I stare up at the menu, and the workers try to be patient with me. I am not an easy person to be patient with. Especially in situations such as this. The menu isn’t huge, but I don’t know what these words mean: Frappuccino, macchiato… it isn’t even in English!!! How am I supposed to decide.
And then there are all those numbers beside the words. $3.75, $4.95… for a small drink? Are they joking? It doesn’t matter to me that we have a gift card, because as soon as we walked into the store, it was about buying the drink, and those prices – outrageous! No wonder I have never bought anything from them before.
In fact, it has been years! Years since I even walked into one to consider buying something there. I am pretty certain it was before I moved here, and that was sixteen years ago. I think I even had a coupon – but I couldn’t do it. Not at those prices. Not even with a coupon. Not even with a gift card. Nope.
Of course, this issue isn’t linked only to this one place. I don’t do ‘new’ well, especially when it comes to food. How do I even know if I will like it? And if $5 is spent on me for a drink, that I can’t even swallow, because it tastes gross – or that leaves me feeling sick because it had milk in it, when I didn’t know – it would take me a long time to get over that.
It was a nice gesture. The idea of finally trying something from there, when so many people seem to love their drinks… I wanted to. I really did. But I couldn’t. I couldn’t spend the money – even if it wasn’t mine. I couldn’t choose from a menu that I could hardly read. I couldn’t bring myself to try something new. Too hard. Too much.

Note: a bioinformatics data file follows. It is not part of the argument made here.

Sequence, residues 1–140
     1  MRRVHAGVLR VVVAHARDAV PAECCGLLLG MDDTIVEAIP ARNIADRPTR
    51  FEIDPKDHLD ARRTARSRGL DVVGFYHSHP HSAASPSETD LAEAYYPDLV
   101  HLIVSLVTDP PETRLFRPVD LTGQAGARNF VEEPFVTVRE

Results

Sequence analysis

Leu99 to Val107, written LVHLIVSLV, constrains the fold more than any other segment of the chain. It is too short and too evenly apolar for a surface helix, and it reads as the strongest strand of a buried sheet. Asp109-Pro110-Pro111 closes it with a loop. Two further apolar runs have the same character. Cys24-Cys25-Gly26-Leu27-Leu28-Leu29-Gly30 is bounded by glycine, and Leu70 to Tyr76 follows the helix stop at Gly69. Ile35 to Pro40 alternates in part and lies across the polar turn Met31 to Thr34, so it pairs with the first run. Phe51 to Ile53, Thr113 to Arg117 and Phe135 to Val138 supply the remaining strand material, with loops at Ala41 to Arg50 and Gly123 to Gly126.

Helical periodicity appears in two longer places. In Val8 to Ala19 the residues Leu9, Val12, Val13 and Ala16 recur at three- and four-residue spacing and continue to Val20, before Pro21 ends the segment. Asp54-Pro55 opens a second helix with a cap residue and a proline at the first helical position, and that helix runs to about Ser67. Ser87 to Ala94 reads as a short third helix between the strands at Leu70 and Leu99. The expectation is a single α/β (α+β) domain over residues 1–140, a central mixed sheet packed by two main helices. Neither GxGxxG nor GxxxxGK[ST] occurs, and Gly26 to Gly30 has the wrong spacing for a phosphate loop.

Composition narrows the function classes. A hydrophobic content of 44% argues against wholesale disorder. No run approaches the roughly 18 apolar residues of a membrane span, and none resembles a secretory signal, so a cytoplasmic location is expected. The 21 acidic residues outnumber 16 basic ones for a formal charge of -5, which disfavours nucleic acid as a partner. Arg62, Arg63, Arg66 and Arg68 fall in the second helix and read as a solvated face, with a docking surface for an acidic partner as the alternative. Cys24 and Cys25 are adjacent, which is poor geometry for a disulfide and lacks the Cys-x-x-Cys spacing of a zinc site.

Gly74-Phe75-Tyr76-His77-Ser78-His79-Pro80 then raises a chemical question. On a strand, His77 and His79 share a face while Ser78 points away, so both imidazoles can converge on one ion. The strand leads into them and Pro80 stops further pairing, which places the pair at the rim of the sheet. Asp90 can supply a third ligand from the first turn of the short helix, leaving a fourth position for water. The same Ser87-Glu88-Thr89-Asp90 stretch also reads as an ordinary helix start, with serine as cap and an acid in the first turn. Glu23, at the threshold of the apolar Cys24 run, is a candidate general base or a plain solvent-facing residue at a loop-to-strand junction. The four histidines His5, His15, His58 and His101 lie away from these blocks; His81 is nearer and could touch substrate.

And while it may have been a disappointment for the person who had brought me out, I still couldn’t do it. I am glad it was my husband. I am glad he understood. I am thankful we were with family, and they agreed with me when I said I would just go and spend my gift card at the coffee shop where I know what I like (and where the prices, though high, are not nearly that high.) They understood. They agreed. After all, the card my husband was given wouldn’t cover both of our drinks, and he can handle surprise. Better for him to use it on himself, and for me to get a drink I know from past experience that I would enjoy.
I suppose all things were new at some point – even food. But those times when I started, even the things I know I like now, were long drawn out, uncomfortable, anxiety provoking experiences. I am thankful, really thankful, when what was new isn’t new anymore. Familiar. Same. Safe.
So I go to the same restaurants, and order the same food and drinks time after time, year after year. Often I will look at the menu, and consider ordering something else. But always I fall back on the familiar. After all, safe is safe – and change? It is just too hard.